Researchers from Tokyo Metropolitan University have developed a new way of calculating simple holograms for heads-up displays (HUDs) and near-eye displays (NEDs). The method is up to 56 times faster than conventional algorithms and does not require power-hungry graphics processing units (GPUs), running on normal computing cores like those found in PCs. This opens the way to developing compact, power-efficient, next-gen augmented reality devices, including 3D navigation on car windshields and eyewear.
The term hologram may still have a sci-fi ring to it, but holography, the science of making records of light in 3D, is used everywhere, from microscopy, fraud prevention on banknotes to state-of-the-art data storage. Everywhere, that is, except for its most obvious offering: truly 3D displays.
The deployment of truly 3D displays that don’t need special glasses is yet to become widespread. Recent advances have seen virtual reality (VR) technologies make their way into the market, but the vast majority rely on optical tricks that convince the human eye to see things in 3D. This is not always feasible and limits its scope.
One of the reasons for this is that generating the hologram of arbitrary 3D objects is a computationally heavy exercise. This makes every calculation slow and power-hungry, a serious limitation when you want to display large 3D images that change in real-time. The vast majority require specialized hardware like graphics processing units (GPUs), the energy-guzzling chips that power modern gaming. This severely limits where 3D displays can be deployed.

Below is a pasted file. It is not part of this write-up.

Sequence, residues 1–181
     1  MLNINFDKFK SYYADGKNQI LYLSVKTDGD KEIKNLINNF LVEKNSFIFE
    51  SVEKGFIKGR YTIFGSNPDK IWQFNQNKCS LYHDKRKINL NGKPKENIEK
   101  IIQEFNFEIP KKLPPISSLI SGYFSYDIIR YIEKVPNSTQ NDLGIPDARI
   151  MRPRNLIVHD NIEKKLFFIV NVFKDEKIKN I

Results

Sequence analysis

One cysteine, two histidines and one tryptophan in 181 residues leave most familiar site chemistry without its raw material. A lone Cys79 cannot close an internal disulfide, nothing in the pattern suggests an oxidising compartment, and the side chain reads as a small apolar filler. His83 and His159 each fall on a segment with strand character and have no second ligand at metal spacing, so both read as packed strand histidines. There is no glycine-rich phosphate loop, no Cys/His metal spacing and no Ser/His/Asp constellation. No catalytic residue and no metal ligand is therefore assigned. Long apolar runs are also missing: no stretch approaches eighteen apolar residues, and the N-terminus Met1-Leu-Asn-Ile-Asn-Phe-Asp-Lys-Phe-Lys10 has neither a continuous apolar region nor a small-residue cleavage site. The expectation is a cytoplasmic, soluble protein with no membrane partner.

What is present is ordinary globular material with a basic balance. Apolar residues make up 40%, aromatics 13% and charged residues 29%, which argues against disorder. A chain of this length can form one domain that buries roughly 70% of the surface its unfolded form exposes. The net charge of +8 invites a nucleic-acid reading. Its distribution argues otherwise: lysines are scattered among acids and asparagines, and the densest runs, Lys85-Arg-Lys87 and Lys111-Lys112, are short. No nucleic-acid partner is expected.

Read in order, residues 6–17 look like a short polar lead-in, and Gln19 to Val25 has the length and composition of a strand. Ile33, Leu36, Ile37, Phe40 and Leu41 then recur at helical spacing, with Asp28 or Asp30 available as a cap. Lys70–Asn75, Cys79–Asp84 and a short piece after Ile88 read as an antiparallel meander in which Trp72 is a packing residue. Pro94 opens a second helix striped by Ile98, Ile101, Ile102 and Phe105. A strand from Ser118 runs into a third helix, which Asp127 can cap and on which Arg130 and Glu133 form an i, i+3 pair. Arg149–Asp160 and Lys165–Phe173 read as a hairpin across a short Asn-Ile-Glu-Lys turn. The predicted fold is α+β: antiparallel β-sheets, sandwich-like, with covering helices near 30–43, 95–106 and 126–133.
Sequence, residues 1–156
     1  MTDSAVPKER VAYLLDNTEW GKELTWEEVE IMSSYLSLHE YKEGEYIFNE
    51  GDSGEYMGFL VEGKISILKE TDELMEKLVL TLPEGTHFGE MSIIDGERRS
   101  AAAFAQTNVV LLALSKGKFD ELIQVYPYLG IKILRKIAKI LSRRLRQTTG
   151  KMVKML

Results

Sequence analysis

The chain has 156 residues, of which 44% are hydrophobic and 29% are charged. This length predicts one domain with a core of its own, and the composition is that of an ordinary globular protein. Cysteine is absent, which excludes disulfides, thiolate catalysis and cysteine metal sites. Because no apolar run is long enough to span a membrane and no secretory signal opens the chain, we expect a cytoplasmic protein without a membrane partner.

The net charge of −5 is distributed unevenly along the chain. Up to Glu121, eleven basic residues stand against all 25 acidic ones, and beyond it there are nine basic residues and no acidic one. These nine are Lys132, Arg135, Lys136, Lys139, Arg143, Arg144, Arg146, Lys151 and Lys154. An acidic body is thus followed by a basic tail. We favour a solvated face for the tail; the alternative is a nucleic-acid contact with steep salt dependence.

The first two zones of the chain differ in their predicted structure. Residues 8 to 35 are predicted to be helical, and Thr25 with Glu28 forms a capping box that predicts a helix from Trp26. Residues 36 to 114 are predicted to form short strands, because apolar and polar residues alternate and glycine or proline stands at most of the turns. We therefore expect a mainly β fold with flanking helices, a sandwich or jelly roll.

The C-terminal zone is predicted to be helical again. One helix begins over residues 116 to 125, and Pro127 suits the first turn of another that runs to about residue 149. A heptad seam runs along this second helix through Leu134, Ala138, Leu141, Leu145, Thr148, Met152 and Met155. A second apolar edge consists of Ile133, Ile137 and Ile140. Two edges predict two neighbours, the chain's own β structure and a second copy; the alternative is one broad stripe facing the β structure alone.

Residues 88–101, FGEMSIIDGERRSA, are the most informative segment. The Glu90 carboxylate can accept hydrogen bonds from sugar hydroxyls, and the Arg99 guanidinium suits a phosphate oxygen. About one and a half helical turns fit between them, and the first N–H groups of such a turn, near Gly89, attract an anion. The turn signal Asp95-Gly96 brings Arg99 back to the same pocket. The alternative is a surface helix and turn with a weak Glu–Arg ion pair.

Thus, a team led by Assistant Professor Takashi Nishitsuji looked at how holograms were calculated. They realized that not all applications needed a full rendering of 3D polygons. By solely focusing on drawing the edge around 3D objects, they succeeded in significantly reducing the computational load of hologram calculations. In particular, they could avoid using Fast-Fourier Transforms (FFTs), the intensive math routines powering holograms for full polygons.
The team combined simulation data with real experiments by displaying their holograms on a spatial light modulator (SLM) and illuminating them with laser light to produce a real 3D image.
At high resolution, they found that their method could calculate holograms up to 56 times faster, and that the images compared favorably to those made using slower, conventional methods. Importantly, the team only used a normal PC computing core with no standalone graphics processing unit, making the whole process significantly less resource hungry.
Faster calculations on simpler cores means lighter, more compact, power-efficient devices that can be used in a wider range of settings. The team have their sights set on heads-up displays (HUDs) on car windshields for navigation, and even augmented reality eyewear to relay instructions on hands-on technical procedures, both exciting prospects for the not too distant future.